SpaceX rocket explosion illustrates Elon Musk's 'successful failure' formula
By Steve Gorman and Arlene Eiras
LOS ANGELES (Reuters) - The spectacular explosion of SpaceX's new Starship rocket minutes after it soared off its launch pad on a first flight test is the latest vivid illustration of a "successful failure" business formula that serves Elon Musk's company well, experts said on Thursday.
Rather than seeing the fiery disintegration of Musk's colossal, next-generation Starship system as a setback, experts said the dramatic loss of the rocket ship would help accelerate development of the vehicle.
Images of the Starship tumbling out of control some 20 miles up in the sky while mounted to its Super Heavy rocket booster before the combined vehicle blew to bits dominated media coverage of the highly anticipated launch.
SpaceX acknowledged that several of the Super Heavy's 33 powerful Raport engines malfunctioned on ascent and that the booster rocket and Starship failed to separate as designed before the ill-fated flight was terminated.
But SpaceX executives including Musk - the founder, CEO and chief engineer of the California-based rocket company - hailed the test flight for achieving the major objective of getting the vehicle off the ground while providing a wealth of data that will advance Starship's development.
PRACTICE MAKES PERFECT
At least two experts in aerospace engineering and planetary science who spoke with Reuters agreed that the test flight delivered benefits.
"This is a classical SpaceX successful failure," said Garrett Reisman, an astronautical engineering professor at the University of Southern California who is a former NASA astronaut and is also a senior adviser to SpaceX.
Reisman called the Starship test flight a hallmark of a SpaceX strategy that sets Musk's company apart from traditional aerospace companies and even NASA by "this embracing of failure when the consequences of failure are low."
No astronauts were aboard for the crewless flight, and the rocket was flown almost entirely over water from the Gulf Coast Starbase facility in south Texas to avoid possible injuries or property damage on the ground from falling debris.
"Even though that rocket costs a lot of money, what really costs a lot of money are people's salaries," Reisman told Reuters in an interview hours after Thursday's launch.
Reisman said SpaceX saves more money in the long run, and takes less time to identify and correct engineering flaws by taking more risks in the development process rather than keeping "a large team working for years and years and years trying to get it perfect before you even try it."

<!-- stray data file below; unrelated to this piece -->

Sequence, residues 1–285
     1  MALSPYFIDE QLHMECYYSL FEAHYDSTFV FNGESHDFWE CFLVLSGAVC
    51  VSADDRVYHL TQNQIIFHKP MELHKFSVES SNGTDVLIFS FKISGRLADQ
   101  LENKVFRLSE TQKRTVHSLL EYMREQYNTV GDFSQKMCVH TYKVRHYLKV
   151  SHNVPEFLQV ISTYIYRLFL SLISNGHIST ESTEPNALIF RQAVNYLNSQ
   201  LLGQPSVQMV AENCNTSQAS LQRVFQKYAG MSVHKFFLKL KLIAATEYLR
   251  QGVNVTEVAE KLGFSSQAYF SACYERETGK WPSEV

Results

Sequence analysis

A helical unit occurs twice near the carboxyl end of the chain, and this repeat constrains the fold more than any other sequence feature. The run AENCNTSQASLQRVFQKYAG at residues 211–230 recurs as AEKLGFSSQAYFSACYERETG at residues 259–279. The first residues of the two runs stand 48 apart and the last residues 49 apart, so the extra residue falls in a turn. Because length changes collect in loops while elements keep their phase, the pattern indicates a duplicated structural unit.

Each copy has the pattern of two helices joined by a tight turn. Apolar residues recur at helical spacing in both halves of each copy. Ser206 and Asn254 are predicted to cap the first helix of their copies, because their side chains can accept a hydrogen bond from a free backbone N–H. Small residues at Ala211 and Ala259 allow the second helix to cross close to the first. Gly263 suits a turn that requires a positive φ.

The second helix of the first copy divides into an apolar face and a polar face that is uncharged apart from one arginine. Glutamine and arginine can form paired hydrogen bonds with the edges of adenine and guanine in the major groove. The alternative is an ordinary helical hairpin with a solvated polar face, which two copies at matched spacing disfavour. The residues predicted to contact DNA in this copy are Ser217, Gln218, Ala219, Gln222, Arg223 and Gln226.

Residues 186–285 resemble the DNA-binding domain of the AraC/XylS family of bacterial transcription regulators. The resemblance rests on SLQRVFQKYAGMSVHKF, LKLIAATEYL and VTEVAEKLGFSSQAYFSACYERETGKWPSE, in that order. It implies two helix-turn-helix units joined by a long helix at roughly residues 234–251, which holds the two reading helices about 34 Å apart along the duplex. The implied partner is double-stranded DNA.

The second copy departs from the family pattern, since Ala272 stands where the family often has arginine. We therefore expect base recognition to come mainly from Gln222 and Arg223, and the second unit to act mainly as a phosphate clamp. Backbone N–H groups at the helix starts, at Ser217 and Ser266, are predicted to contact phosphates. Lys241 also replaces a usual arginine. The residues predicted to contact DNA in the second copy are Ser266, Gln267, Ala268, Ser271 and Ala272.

"I would say the timeline for transporting people (aboard Starship) is accelerated right now compared to what it was a couple of hours ago," Reisman said.
Planetary scientist Tanya Harrison, a fellow at the University of British Columbia's Outer Space Institute, said clearing the launch tower and ascending through a critical point known as maximum aerodynamic pressure were major feats on the first flight of such a large, complex launch system.
"It's part of the testing process," she said in an interview. "There are a lot of accidents that happen when you're trying to design a new rocket. The fact that it launched at all made a lot of people really happy."
She said the risks of a single flight test were small in comparison to the ambitious gains at stake.
"This is the biggest rocket that humanity has tried to build," she said, adding that it is designed to carry "orders of magnitude" more cargo and people to and from deep space than any existing spacecraft.
Whereas NASA is working on a mission to retrieve samples of Martian soil and minerals measured in kilograms being collected by the Mars Perseverance rover, Starship will carry back many tons of rock, as well transport dozens of astronauts and entire lab facilities to and from the moon and Mars, Harrison said.
Musk has billed Starship as crucial to SpaceX's interplanetary exploration goals as well as its more near-term launch business, with commercial satellites, science telescopes and eventually paying astro-tourists expected to use the fully reusable rocket system for rides to space.
Citing SpaceX's rapid pace of development since its 2002 founding, leading to dozens of commercial missions a year with its workhorse rocket for low-Earth orbit, the Falcon 9, Harrison said, "it wouldn't surprise me if we had humans on Mars with Starship in the next decade."
(Writing and reporting by Steve Gorman in Los Angeles; Additional reporting by Arlene Eiras and Joey Roulette in Washington; Editing by Leslie Adler)